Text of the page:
n is integer from 1-99 : GMAT Quantitative Section
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# n is integer from 1-99

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n is integer from 1-99 [#permalink]

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10 Aug 2013, 00:15
n is integer from 1-99:

1. Probabilty that n(n+1) is divisible by 3
2. Probabilty that n(n+1)(n+2) is divisible by 6
3. Probabilty that n(n+1)(n+2) is divisible by 8

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Re: n is integer from 1-99 [#permalink]

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10 Aug 2013, 01:15
bsahil wrote:
n is integer from 1-99:

1. Probabilty that n(n+1) is divisible by 3
2. Probabilty that n(n+1)(n+2) is divisible by 6
3. Probabilty that n(n+1)(n+2) is divisible by 8

.......

1.
n(n+1) is divisible by 3 only when n is a multiple of 3 or 1 less than multiple of 3.
For example, when n=3 then n(n+1) = 3 × 4 which is divisible by 3.
Again , when n=2 (one less than the multiple of 3) then 2×3, which is divisible by 3.

so we have to count the numbers which are responsible for this action mentioned above.

The number of multiples of 3 between 1 and 99 = (99-3)/3 + 1 = 32+1=33
And we can also have 33 numbers those are 1 less than the multiples of 3(such as 2,5,8,11 etc) .
so total number = 33 + 33 =66 , for this 66 values n(n+1) is divisible by 3.
Total number = 99
so the probability = 66/99 = 2/3
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Re: n is integer from 1-99 [#permalink]

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10 Aug 2013, 20:02
1.

we can make a pattern:

1*2, 2*3, 3*4,.......96*97, 97*98, 98*99.

So every 2 out of 3 pairs is divisible by 3.

hence no of favouurable terms: 99(2/3) = 66

P= 66/99 =2/3

2.

n(n+1)(n+2) is divisible by 6 always

hence P=1

3.

we can again make pairs

1*2*3, 2*3*4, 3*4*5, 4*5*6, 5*6*7, 6*7*8, 7*8*9, 8*9*10

we have 5 such pairs divisible by 8

hence till 96 we will have (96/8)5= 60 pairs

96*97*98, 97*98*99...we cannot go further. Here we have one more favourable pair.

hence P= (60+1)99

Does anybody have a faster method than this..please...
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Re: n is integer from 1-99 [#permalink]

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10 Aug 2013, 22:10
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bsahil wrote:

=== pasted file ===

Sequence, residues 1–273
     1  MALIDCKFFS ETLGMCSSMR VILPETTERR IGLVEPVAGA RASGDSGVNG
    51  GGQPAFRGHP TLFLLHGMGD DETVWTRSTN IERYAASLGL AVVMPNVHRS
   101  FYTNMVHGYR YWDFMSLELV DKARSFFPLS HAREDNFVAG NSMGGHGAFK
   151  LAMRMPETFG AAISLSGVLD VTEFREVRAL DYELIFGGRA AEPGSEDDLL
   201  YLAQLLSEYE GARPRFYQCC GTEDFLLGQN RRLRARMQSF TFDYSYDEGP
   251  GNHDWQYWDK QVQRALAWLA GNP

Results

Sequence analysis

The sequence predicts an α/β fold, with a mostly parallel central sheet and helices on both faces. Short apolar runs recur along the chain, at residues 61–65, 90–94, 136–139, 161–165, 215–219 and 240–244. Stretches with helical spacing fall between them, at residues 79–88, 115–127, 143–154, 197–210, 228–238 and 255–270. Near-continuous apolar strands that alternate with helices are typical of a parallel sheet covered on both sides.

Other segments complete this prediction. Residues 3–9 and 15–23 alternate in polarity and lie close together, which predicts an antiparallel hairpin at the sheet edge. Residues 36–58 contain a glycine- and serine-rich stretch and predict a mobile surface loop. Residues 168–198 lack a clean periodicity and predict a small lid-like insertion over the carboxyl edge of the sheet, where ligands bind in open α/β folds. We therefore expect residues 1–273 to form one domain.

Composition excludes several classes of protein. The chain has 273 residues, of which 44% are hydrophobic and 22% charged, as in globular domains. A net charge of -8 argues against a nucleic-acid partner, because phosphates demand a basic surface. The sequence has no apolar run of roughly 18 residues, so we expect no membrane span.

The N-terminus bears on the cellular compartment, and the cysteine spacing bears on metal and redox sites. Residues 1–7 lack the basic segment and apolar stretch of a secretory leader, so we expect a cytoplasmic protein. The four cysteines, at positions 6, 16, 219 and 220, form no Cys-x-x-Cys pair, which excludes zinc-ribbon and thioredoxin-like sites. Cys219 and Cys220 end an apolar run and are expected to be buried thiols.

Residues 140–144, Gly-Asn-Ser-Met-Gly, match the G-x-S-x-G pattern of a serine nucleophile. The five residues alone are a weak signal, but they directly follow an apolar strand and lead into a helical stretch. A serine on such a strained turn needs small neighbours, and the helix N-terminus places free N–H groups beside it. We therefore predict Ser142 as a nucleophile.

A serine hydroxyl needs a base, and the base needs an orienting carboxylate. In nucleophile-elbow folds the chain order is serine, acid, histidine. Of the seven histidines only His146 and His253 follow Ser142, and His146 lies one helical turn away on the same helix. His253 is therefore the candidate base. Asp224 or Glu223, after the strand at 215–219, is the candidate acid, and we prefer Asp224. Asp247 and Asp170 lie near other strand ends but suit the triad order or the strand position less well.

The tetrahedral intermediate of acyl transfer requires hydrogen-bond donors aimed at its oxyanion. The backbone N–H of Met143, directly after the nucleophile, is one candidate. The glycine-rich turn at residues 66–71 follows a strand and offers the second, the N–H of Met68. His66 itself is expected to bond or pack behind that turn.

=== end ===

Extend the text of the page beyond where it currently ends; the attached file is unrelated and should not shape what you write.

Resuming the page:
n is integer from 1-99:

1. Probabilty that n(n+1) is divisible by 3
2. Probabilty that n(n+1)(n+2) is divisible by 6
3. Probabilty that n(n+1)(n+2) is divisible by 8

1.
If n is between 1-99,
probability that n is divisible by 3 = 1/3 (every 3 rd number is divisible by 3)
probability that n+1 is divisible by 3 = 1/3

Divisibility of n and (n+1) are mutually exclusive. n(n+1) is divisible by 3, if either n or (n+1) is divisible by 3.

P[n(n+1)] = P[n divisible by 3 OR (n+1) divisible by 3] = P[n] + P[(n+1)] = 1/3 + 1/3 = 2/3

2. Probabilty that n(n+1)(n+2) is divisible by 6 - Product of 3 consecutive numbers will be always divisible by 6. Probability = 1

3. Probabilty that n(n+1)(n+2) is divisible by 8

n is even:
(n+1) doesn't contribute to 8 divisibility, as this will be an odd number.

n(n+1)(n+2) - will be divisible by 8, if n(n+2) is divisible by 8.

n(n+2) will be divisible by 8, if one of them is divisible by 4. (8=4*2, Only one number can be divisible by 4, and we can get factor 2 from the other number)

for n between 1-99

P[n div. by 4] = 24/99 [had it been 1-100, we cud have got 1/4 - every 4th number)
P[(n+2) div. by 4] = 25/99 [from 3-101]
P[n(n+2) div. by 4 or 8] = 24/99 + 25/99 = 49/99

n is even, P[n(n+1)(n+2) div. by 8] = 49/99

n is Odd:
n(n+1)(n+2) - will be divisible by 8, if n+1 is divisible by 8.
for n between 1-99, n+1 is between 2-100.

between 2-100, we have 12 multiples of 8.
P[(n+1) div. 8] = 12/99

n is odd, P[n(n+1)(n+2) div. 8] = 12/99

Summing up even and odd cases,

Probabilty that n(n+1)(n+2) is divisible by 8 = 49/99 + 12/99 = 61/99
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Re: n is integer from 1-99 [#permalink]

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12 Aug 2013, 22:23
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bsahil wrote:
n is integer from 1-99:

1. Probabilty that n(n+1) is divisible by 3
2. Probabilty that n(n+1)(n+2) is divisible by 6
3. Probabilty that n(n+1)(n+2) is divisible by 8

I think the answer for 1 and 2 have been discussed enough. I will add a bit on answer to problem no. 3 (similar to the method given by ConnectTheDots)

n can take 99 values from 1 to 99. n can be even or odd and depending on whether it is even or odd, we will handle the case.

Case 1: n is even.

n can take 49 different even values starting from 2, 4, 6 to 98.

In each case, (n+1) will be odd and (n + 2) will be even. Note that whenever you have 2 consecutive even numbers e.g. 2 and 4 or 6 and 8 or 96 and 98, exactly one of them will be a multiple of 4 (since you have a multiple of 4 in every 4 consecutive numbers (2 odd, 2 even)). So for all 49 values of even n, the given product will be a factor of 8.

Case 2: n is odd
Then only (n+1) is even. (n+1) must be a multiple of 8. There are only 12 multiples of 8 in the first 99 numbers (8, 16. ... till 96). So for only 12 values of odd n will the product be a multiple of 8.

Total there are 49 + 12 = 61 values of n for which the product will be a multiple of n.
Probability = 61/99
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Re: n is integer from 1-99 [#permalink]

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10 Apr 2016, 08:32
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Re: n is integer from 1-99   [#permalink] 10 Apr 2016, 08:32
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